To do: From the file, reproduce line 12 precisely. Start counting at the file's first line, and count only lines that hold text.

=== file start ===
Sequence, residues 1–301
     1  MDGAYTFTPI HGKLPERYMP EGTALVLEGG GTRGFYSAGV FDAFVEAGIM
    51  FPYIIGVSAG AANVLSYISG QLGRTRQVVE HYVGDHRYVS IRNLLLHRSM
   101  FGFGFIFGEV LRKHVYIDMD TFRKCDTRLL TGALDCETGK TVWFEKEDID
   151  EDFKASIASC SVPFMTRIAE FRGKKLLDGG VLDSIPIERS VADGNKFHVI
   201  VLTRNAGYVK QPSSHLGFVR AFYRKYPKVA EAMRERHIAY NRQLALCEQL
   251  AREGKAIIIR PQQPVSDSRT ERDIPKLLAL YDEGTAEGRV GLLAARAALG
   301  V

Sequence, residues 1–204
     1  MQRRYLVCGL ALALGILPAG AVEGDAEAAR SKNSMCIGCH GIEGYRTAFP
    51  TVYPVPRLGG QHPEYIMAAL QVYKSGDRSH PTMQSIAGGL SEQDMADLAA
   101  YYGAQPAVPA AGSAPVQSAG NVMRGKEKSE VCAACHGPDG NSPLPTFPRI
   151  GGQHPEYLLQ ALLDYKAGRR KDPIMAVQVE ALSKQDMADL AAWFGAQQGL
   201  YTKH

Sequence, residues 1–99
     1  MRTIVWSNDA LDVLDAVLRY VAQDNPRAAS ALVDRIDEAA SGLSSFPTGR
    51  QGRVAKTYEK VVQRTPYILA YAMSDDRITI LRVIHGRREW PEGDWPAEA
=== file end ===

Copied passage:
   101  YYGAQPAVPA AGSAPVQSAG NVMRGKEKSE VCAACHGPDG NSPLPTFPRI